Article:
Water experts use dye to find connection between Lost River & the Cacapon

On the evening of April 30, staff of the Interstate Commission on the Potomac River Basin, in coordination with West Virginia partners, deployed a bright green dye into the lower Lost River.

The dye will help scientists understand how water travels underground in a complex geological environment, said event leaders. That dye appeared in the Cacapon River, which connects to the Lost River underground.

Cacapon River at Wardensville, showing a green food dye that hydrology experts placed in the Lost River to find the connection between the two water bodies.

“During dry weather, the Lost River disappears underground and reappears as the Cacapon River. The geological connection between the two rivers is not fully understood,” said Interstate Commission on the Potomac River Basin. “As the food grade dye sinks into the cracks and fissures in the Lost River, ICPRB scientists will monitor and map the color as it reemerges at springs throughout the Cacapon watershed.”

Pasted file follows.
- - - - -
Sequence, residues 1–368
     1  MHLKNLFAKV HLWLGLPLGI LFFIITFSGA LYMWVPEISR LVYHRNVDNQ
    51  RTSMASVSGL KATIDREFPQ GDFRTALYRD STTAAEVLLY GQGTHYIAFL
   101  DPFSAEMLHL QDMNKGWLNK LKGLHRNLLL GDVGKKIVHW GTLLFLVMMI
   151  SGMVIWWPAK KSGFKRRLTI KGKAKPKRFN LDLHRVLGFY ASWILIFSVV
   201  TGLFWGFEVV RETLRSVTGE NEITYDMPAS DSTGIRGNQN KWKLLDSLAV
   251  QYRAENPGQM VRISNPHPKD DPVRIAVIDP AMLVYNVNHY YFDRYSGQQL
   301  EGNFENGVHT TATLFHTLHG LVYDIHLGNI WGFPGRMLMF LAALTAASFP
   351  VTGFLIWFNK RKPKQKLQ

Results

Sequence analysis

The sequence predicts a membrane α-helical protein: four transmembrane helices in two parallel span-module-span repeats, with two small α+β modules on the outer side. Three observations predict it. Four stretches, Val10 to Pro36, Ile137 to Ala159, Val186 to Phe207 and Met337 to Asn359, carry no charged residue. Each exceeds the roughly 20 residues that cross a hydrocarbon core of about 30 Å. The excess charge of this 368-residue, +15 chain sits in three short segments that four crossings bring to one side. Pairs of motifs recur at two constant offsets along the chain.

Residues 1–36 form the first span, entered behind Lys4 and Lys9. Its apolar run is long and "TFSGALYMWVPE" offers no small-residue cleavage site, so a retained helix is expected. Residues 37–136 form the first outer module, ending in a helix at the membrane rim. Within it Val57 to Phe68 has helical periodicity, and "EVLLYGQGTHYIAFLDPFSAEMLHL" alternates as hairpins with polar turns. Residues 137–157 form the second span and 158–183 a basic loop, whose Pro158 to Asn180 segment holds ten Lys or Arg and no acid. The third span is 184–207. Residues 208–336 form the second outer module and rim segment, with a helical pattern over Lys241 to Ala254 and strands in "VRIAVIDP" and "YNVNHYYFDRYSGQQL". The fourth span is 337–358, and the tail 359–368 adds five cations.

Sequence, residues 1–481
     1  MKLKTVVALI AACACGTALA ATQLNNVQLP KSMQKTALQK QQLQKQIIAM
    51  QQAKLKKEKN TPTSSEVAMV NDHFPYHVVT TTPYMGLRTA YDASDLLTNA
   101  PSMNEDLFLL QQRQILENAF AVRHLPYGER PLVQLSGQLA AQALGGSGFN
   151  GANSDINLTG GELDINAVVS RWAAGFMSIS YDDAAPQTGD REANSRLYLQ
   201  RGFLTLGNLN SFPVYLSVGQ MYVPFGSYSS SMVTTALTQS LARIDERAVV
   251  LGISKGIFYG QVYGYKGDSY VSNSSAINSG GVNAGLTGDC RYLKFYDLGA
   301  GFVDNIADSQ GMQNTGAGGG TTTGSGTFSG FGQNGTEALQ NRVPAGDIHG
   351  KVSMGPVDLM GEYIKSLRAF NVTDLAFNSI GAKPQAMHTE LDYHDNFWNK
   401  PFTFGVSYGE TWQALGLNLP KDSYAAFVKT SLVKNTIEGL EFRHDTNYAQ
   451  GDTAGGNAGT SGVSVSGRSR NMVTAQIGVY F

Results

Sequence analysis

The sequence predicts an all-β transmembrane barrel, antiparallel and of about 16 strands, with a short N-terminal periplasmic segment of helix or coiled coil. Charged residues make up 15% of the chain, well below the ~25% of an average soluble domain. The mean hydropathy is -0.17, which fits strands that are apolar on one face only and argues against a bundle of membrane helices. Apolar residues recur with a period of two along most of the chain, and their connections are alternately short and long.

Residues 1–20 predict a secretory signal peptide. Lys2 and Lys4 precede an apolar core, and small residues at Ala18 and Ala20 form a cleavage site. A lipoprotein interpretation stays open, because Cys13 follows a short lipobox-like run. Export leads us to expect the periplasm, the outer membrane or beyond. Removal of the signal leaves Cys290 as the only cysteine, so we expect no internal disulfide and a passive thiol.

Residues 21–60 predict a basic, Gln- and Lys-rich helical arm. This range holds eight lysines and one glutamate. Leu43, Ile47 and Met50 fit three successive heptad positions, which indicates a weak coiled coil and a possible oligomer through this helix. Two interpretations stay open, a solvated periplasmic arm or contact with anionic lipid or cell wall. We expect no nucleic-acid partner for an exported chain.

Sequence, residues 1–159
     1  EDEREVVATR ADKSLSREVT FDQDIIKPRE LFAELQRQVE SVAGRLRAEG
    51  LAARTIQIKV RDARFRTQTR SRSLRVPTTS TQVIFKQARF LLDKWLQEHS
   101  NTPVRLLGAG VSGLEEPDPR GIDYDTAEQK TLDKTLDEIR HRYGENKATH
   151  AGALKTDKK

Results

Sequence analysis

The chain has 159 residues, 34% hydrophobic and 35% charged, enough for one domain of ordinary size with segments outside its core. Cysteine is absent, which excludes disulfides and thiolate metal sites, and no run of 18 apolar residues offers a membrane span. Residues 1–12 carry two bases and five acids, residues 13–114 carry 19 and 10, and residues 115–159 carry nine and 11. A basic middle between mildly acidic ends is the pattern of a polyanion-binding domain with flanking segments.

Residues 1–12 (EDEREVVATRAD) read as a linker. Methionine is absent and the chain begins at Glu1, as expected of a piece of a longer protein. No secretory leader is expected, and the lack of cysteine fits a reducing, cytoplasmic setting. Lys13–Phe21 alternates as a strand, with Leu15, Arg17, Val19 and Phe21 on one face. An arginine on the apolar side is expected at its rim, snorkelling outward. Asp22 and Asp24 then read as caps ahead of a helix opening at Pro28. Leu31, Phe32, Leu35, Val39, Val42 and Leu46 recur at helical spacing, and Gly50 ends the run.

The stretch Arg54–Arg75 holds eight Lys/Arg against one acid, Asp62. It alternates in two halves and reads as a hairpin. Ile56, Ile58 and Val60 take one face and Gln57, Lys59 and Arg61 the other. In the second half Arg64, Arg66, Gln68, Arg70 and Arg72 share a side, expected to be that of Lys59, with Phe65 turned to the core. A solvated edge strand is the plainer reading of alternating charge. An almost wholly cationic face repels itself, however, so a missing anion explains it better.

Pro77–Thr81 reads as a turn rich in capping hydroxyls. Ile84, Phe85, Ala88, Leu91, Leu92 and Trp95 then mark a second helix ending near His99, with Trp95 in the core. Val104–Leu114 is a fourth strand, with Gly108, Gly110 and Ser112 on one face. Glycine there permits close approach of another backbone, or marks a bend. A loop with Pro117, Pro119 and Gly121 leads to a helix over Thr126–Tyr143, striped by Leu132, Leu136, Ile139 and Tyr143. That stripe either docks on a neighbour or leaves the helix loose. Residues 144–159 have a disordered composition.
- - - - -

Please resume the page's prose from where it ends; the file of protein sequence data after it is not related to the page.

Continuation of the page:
To help track the dye, staff installed passive carbon pack collectors (essentially fish tank carbon filters) throughout the watershed.

The safe dye will degrade and wash away in only a few days, leaving the Cacapon as it was before, they said.